2011年4月30日 星期六

36 Hours in Singapore

90年年上半 我去過新加坡十來次

Singapore is booming, with new casinos and hotels, museums and galleries opening their doors, and, best of all, lounges and rooftop bars are helping the city-state shake off its formerly staid image.

36 Hours in Singapore

The New York Times

East Coast Lagoon Food Village, a place to sample food hawkers’ wares.

Published: December 23, 2007

SINGAPORE may be clean, efficient and manicured, but the prosperous island-state knows how to get down and dirty, too. At a string of open-air bars near the main shopping drag, young Singaporeans with stylishly tousled hair toss back martinis until the early morning. A sex therapist who styles himself “Dr. Love” has become one of the biggest celebs in town. And the Ministry of Sound, the famous British house music nightclub, has opened a branch in Singapore that pounds with local D.J.’s. That’s not to say Singapore has gone off the rails. Just stroll along its bougainvillea-draped streets, where order is still enforced by Big Nanny signs, like the one that recently read, “Low Crime Doesn’t Mean No Crime — Be Vigilant.”


3 p.m.

Get a taste of Singapore’s cultivated side at the Singapore Botanic Gardens (1 Cluny Road; 65-6471-7361; www.sbg.org.sg), an ambling 157-acre park where you’ll see a medley of Chinese, Indians and Malays practicing martial arts, doing yoga and flirting. Founded in 1859, the landscaped gardens are dotted with intricate Victorian gazebos, a micro rain forest and a dazzling collection of orchids — from the flamingo-pink hybrid Vanda Miss Joaquim (Singapore’s national flower) to varieties named after visiting V.I.P.’s like Margaret Thatcher.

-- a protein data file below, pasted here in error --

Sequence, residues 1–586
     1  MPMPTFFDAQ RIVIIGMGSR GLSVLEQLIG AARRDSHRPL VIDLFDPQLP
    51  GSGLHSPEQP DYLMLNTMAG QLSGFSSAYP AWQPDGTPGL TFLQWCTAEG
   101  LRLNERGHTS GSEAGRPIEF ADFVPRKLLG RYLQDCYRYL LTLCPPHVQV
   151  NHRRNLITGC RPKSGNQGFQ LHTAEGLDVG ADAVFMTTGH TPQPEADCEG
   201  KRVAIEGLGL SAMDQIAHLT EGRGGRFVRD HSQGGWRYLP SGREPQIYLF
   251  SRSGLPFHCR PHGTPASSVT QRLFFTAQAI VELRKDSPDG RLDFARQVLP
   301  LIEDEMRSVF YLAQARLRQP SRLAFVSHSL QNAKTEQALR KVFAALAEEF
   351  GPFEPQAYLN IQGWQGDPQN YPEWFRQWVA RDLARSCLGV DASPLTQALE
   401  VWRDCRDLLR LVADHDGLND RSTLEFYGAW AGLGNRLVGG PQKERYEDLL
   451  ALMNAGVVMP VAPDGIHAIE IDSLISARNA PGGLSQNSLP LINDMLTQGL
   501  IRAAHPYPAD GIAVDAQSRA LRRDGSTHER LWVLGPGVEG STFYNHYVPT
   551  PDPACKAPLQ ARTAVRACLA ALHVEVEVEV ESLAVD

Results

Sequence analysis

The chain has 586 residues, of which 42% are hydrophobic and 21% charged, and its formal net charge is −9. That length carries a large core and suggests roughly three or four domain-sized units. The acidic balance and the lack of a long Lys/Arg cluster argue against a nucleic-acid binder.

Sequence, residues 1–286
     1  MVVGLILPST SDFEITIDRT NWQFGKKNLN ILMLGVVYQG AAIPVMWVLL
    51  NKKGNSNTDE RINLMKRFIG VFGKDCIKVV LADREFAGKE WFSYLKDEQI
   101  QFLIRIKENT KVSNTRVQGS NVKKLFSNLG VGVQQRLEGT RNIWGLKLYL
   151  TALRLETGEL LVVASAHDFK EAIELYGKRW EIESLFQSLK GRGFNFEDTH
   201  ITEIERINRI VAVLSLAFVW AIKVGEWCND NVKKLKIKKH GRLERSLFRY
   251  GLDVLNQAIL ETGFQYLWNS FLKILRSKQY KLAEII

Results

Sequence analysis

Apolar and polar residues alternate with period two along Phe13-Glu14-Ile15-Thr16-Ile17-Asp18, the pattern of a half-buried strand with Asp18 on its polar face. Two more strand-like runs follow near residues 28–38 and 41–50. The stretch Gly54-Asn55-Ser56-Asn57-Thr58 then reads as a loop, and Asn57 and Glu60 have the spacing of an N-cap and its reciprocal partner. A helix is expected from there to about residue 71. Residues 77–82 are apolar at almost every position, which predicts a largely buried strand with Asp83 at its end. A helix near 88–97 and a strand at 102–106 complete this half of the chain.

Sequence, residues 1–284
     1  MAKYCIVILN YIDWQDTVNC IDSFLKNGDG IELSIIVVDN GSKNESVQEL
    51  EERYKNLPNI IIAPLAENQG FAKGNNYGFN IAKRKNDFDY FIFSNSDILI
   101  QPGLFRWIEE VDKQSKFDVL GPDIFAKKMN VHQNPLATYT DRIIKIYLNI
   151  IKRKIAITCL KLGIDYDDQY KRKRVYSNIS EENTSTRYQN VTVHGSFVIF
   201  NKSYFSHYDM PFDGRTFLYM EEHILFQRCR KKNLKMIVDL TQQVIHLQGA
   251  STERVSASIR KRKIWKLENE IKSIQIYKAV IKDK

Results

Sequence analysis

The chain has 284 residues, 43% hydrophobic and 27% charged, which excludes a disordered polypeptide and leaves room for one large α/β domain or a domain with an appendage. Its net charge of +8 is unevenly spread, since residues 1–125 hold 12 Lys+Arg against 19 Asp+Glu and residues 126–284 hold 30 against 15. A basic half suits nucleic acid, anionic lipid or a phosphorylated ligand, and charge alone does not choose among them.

6 p.m.

Southeast Asia isn’t known for beer, but that’s starting to change. Brew connoisseurs recently opened Archipelago Brewery (79 Circular Road; 65-6861-6200; www.archipelagobrewery.com), a microbrewery that revived a Singaporean beer works originally founded in 1931. Archipelago mixes standard pilsners and ales with local flavors like lemongrass, tamarind, star anise and wolfberries, a traditional ingredient in Chinese medicine.

8 p.m.

Singapore has its share of white-linen restaurants, but food-mad locals salivate for hawker centers, open-air food courts where each stall serves one dish and the cooks yell out their specialties like ballpark vendors. One of the most popular, East Coast Lagoon Food Village (1220 East Coast Parkway), sits in a tropical park on the beach. With more than 50 stalls, the Village offers everything from barbecued tiger prawns to Indonesian satay to drinks made from grass jelly and aloe vera. Dinner for one, about 10 Singapore dollars, or $6.80 at 1.47 Singapore dollars to the U.S. dollar. For a quieter, cleaner atmosphere, try the appropriately named Makansutra Gluttons Bay (Esplanade Mall; 65-6336-7025; www.makansutra.com), by the Esplanade arts complex.

10 p.m.

Cap off the evening in style. Skip the Boat Quay night-life area, unless you hanker to meet hundreds of sodden, sunburned European tourists. Instead, head to Emerald Hill, an upscale area with a cluster of hip pubs, and sip martinis at Alley Bar (2 Emerald Hill Road; 65-6738-8818), a long and sleek lounge frequented by aspiring fashion models.